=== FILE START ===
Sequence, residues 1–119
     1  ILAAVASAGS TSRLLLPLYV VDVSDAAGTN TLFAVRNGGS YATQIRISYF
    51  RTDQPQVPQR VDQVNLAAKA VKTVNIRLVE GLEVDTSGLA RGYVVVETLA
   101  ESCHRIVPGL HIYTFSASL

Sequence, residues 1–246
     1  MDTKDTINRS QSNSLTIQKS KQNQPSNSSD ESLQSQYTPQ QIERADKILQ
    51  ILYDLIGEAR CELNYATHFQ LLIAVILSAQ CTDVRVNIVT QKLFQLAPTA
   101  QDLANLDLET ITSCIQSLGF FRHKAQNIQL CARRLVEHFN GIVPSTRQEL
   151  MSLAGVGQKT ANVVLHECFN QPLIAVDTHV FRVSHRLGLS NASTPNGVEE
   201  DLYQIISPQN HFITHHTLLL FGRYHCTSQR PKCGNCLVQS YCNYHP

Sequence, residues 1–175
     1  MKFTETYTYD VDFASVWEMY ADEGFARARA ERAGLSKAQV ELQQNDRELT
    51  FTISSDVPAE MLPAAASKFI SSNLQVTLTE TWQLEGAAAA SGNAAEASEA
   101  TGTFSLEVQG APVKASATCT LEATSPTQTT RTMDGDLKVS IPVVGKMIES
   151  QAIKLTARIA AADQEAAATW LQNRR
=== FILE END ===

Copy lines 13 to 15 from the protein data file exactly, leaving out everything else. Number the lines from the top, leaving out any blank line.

    51  FTISSDVPAE MLPAAASKFI SSNLQVTLTE TWQLEGAAAA SGNAAEASEA
   101  TGTFSLEVQG APVKASATCT LEATSPTQTT RTMDGDLKVS IPVVGKMIES
   151  QAIKLTARIA AADQEAAATW LQNRR